Phillies hope regular routine helps rotation

Club won't have off-day until June 19

Phillies hope regular routine helps rotation

PITTSBURGH -- The Phillies jumped to a surprising 24-17 start last season because they pitched better than anybody expected.

It has been quite the opposite this year.

They entered Sunday's series finale against the Pirates at PNC Park at 15-25 because their pitching has struggled. Particularly, their rotation has underperformed. The 2016 rotation posted a 3.72 ERA through 41 games, pitching six or more innings in 25 games. Opponents had a .678 OPS against it. The 2017 rotation has a 4.84 ERA through 40 games, pitching six or more innings just 16 times. Opponents have an eye-popping .795 OPS against it.

Phillies manager Pete Mackanin, pitching coach Bob McClure and others in the clubhouse have wondered recently if the team's seven off-days, plus one rainout, in the first six-plus weeks of the season have prevented Phillies pitchers from getting into a groove.

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The Phillies' next-off day is June 19, so that shouldn't be a problem again anytime soon.

"Two weeks from now, if you ask me that and it's the same as it is now, I'll say yes," McClure said Sunday, asked if he is surprised by the rotation's struggles. "But I'm not as surprised right now. It's gone overboard, more than I thought. I knew it was going to get a little out of whack because we gave them all of the days off."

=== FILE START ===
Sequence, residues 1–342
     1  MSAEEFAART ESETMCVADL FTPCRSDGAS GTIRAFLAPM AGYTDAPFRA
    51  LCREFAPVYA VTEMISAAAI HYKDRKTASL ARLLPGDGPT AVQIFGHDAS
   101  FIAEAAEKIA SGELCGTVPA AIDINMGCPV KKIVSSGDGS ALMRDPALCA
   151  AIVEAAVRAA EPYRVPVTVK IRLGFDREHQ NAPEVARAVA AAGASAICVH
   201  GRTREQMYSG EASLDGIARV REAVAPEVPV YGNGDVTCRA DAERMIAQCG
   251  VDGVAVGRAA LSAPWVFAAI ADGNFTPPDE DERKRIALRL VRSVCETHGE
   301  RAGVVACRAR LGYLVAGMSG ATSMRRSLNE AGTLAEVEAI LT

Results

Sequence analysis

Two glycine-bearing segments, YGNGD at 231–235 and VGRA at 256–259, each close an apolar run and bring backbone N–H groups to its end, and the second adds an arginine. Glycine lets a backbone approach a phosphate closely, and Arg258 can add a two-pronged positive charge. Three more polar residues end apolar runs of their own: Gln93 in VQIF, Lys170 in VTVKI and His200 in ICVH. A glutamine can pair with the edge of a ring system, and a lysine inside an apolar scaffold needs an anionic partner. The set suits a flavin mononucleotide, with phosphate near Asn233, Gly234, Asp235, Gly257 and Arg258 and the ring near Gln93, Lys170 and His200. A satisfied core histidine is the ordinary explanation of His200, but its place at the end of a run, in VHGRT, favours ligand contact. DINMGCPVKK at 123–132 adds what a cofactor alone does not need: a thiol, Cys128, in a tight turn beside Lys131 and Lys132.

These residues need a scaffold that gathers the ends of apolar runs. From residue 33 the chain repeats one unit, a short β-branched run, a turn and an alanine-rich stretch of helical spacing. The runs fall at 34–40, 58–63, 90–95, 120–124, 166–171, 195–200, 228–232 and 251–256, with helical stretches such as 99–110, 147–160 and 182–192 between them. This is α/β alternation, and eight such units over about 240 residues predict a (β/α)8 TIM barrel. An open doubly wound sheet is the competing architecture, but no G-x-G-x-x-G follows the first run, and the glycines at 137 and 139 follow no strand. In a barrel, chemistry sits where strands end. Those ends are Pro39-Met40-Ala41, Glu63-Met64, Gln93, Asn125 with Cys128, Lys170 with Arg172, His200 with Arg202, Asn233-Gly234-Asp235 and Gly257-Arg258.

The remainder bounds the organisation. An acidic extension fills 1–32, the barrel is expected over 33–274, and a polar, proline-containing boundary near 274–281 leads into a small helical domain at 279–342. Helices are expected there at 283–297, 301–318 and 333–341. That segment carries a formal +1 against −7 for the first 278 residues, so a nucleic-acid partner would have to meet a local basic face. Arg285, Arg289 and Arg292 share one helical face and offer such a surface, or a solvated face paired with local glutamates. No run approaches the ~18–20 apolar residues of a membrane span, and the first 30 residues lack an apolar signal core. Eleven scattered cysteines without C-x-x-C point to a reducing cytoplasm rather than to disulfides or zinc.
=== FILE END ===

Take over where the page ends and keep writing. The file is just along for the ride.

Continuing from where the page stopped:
He said on a different team with high expectations to win, the Phillies might have skipped the Nos. 4 and 5 starters on occasion to keep the Nos. 1-3 starters on their routines.

"But because they're younger and because we want to keep everyone healthy and not have extra starts on everybody, we gave them the off-days," he said. "Very difficult to stay in tune like that. Now, in two weeks from now because we don't have any off-days, if they're still like that, I'd be a little bit surprised."

Todd Zolecki has covered the Phillies since 2003, and for MLB.com since 2009. Follow him on Twitter and Facebook and listen to his podcast. This story was not subject to the approval of Major League Baseball or its clubs.